posted by February 9 at 9:37 AMon
It’s your turn, Seattle: Should Hillary Rodham Clinton or Barack Obama be the next Democratic nominee for President of the United States of America? But first, a word from the OED:
[Arose in New England: origin obscure.
Alleged to have been used in Boston U.S. before 1724; quotations go back to 1763. Already in 1774 Gordon (Hist. Amer. Rev.) could obtain no ‘satisfactory account of the origin of the name’. Mr. Pickering, in 1816, as a mere guess, thought it ‘not improbable that caucus might be a corruption of caulkers’, the word “meetings” being understood’. For this, and the more detailed statement quoted in Webster, there is absolutely no evidence beyond the similarity of sound; and the word was actually in use before the date (1770) of the event mentioned in Webster. Dr. J. H. Trumbull (Proc. Amer. Philol. Assoc. 1872) has suggested possible derivation from an Algonkin word cau´-cau-as´u, which occurs in Capt. Smith’s Virginia 23, as Caw-cawaassough ‘one who advises, urges, encourages’, from a vb. meaning primarily ‘to talk to’, hence ‘to give counsel, advise, encourage’, and ‘to urge, promote, incite to action’. For such a derivation there is claimed the general suitability of the form and sense, and it is stated that Indian names were commonly taken by clubs and secret associations in New England; but there appears to be no direct evidence.]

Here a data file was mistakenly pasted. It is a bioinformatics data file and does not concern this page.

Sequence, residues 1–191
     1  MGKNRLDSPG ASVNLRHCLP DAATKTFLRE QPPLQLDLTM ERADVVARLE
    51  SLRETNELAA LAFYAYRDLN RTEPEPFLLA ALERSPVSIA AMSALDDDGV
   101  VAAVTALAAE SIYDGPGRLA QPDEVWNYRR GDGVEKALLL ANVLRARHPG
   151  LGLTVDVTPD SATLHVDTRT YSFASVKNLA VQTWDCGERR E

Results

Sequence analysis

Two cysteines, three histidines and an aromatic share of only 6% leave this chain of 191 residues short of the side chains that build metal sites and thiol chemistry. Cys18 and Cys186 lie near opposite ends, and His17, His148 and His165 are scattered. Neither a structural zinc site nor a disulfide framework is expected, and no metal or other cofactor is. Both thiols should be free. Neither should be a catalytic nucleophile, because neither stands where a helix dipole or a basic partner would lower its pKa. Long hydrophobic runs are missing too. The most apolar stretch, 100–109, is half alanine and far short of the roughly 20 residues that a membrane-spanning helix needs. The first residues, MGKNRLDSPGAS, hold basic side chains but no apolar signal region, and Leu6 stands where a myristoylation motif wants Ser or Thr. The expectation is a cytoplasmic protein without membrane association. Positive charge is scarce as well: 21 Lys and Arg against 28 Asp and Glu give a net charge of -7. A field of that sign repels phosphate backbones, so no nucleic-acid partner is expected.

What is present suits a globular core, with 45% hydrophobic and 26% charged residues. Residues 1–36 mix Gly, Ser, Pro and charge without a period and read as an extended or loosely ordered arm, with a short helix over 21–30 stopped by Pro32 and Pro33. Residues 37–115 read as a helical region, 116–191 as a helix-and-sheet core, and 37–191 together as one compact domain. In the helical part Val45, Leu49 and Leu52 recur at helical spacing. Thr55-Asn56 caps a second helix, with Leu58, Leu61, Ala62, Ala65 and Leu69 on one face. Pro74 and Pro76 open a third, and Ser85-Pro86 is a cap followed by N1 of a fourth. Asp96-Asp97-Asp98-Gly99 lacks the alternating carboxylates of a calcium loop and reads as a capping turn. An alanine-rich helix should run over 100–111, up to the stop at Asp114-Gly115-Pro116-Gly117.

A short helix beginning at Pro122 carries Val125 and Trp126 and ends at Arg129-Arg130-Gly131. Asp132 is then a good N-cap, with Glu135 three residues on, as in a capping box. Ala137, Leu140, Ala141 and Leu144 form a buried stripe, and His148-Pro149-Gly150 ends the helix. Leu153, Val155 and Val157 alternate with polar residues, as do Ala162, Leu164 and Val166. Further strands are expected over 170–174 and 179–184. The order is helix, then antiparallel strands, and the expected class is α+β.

Let’s review the rules:
—You must attend a caucus today at 1 pm if you want your vote to count. The results of the primary will be completely ignored by the Democratic Party.
—You do not have to be registered to vote yet, and you need not have your address updated. If you will be at least 18 in November, and are otherwise eligible to vote, you can register to vote or change your address at your caucus site. It’s a good idea to print out this PDF and bring it to your site in case they run out. Note: If you’ve moved recently, you can also caucus with your old neighborhood.
—You may bring kids.
—You do not need to stay the whole time. Your initial sign-in and stated presidential preference will count toward the final delegate allocation. This is a change since 2004, so it’s a good idea to talk to somebody in charge (your PCO) and let them know you have to leave early.
If you are signing in as Uncommitted or Mike Gravel, you may be wondering about viability. This year, there is no absolute 15% cutoff, but—depending on the number of delegates your precinct has (determined by the number of Kerry votes in the 2004 general election) and the number of people who show up this afternoon—there is an implicit cutoff, below which your candidate will not get a delegate. You can try to do the math yourself, but because of the way the system deals with fractional delegates, it’ll be inexact. Ask your PCO sweetly whether it looks like your group will get a delegate. You will have a chance to switch after the speeches.
To find your caucus site, see the below. Dan is at Stevens, by the way; stop telling him otherwise.